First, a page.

Anne Elliott

Managing Director at EMA Business and Management Consultancy Ltd …

It is widely acknowledged that mergers often fail because of the people and cultural issues. But are employers giving this enough thought soon enough?

A deeper analysis of the picture suggests that it is not generally the regulation, technical or financial issues that go wrong, it is the ‘people’ aspects. This can lead to poor staff morale and significantly affect working relationships.

Not getting the ‘people’ aspect right means that staff may not buy in to the change, possibly leading to the merger failing or the newly merged organisation having to battle in its early years against a background of residual staffing issues.

Mergers are often complicated and can fail for a variety of reasons but, drawing on my experience I have outlined a number of steps employers can take to ensure successful change:

  • Remember that a successful merger depends on factors such as culture and size, and can take years to achieve the expected results – so be realistic in your expectations.
  • Senior staff need to focus as much on the people issues of merger proposals as on the technical and financial aspects. Forgetting the people angle, at any stage, is to invite disaster.
  • Senior staff need to be aware that they may adjust to changes quicker than other staff as they have a higher level of information. This may lead to them having a different view of progress and may result in complacency over the concerns of frontline staff.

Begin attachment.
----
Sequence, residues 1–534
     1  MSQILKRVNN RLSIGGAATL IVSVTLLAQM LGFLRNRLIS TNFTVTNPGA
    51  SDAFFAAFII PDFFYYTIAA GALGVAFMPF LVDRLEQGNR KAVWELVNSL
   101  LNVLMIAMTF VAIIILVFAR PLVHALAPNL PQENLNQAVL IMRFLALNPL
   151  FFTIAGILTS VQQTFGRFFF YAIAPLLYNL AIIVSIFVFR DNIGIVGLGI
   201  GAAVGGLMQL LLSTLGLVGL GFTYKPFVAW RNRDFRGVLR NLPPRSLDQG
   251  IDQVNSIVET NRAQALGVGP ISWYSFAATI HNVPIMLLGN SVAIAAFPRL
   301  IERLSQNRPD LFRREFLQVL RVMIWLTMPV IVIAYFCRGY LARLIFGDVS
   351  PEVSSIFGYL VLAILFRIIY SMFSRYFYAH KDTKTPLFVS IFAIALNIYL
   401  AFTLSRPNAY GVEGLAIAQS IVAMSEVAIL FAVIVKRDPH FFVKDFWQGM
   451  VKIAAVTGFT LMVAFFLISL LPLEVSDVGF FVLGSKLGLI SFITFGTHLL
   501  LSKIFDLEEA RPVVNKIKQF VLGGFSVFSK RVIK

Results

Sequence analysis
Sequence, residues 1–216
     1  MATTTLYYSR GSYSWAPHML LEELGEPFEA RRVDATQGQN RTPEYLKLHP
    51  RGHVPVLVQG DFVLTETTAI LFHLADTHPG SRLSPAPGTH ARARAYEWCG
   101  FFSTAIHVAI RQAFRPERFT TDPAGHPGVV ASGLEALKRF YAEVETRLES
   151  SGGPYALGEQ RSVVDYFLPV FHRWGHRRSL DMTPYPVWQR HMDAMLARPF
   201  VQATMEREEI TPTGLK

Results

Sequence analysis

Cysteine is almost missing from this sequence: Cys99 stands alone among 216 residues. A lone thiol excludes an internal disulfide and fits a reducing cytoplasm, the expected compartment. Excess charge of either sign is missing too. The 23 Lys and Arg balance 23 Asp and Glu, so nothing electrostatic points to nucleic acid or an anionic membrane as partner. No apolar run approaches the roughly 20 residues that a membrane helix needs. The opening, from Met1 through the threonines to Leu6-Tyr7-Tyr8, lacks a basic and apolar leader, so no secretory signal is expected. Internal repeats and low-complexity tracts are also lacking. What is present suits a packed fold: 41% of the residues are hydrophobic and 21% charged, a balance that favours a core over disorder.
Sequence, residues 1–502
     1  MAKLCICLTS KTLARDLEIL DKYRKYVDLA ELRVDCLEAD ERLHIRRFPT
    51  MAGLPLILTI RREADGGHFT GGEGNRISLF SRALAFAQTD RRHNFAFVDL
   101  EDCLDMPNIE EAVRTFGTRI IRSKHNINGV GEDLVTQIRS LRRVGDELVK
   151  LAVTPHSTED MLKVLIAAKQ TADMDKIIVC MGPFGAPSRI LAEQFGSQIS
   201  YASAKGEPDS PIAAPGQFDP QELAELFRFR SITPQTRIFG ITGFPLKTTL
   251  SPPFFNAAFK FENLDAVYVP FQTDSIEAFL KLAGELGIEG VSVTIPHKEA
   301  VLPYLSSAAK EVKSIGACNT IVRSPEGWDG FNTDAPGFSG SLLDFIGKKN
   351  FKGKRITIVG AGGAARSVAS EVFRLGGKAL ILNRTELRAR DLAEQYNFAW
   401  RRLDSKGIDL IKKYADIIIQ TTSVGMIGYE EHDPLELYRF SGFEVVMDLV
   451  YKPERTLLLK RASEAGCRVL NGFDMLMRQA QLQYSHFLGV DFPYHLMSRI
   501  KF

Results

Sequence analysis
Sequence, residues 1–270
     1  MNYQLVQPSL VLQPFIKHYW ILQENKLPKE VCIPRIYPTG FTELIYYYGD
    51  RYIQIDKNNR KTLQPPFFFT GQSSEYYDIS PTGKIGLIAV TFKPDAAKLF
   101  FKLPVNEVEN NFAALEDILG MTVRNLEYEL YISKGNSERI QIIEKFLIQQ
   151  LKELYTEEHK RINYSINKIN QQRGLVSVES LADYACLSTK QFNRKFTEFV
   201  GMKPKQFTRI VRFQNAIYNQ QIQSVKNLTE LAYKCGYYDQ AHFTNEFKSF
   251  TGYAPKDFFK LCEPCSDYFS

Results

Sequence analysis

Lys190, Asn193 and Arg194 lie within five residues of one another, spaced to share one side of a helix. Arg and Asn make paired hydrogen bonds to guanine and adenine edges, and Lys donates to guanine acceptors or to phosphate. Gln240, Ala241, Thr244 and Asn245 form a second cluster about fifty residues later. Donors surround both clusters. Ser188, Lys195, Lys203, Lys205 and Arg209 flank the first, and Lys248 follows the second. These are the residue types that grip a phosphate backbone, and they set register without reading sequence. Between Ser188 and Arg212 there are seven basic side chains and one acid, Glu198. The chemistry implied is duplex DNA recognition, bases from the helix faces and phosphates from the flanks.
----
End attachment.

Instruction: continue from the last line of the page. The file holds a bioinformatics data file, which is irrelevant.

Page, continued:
You can’t ‘wing’ this. You will need a communication plan that will:

  • Set out all of the information , including the why, how and when you are merging and what impact it will have on staff.
  • Be clear about the information that you convey, who and how it will be given and how often.
  • Be open and honest. Whether good or bad news, it needs to be said. If there is nothing to say then say so, but do not leave a communication vacuum for detractors to affect views.
  • Make sure that staff are not left feeling uncertain for long periods – make decisions and communicate them quickly.
  • Leaders need to remain visible in this change process and need to answer questions or concerns as honestly as possible, ideally on a one-to-one basis.
  • After the merger, remember that conflicts still arise – be clear about respective roles and responsibilities.
  • Staff will be expecting further changes post-merger and it is important that good communication practices still apply.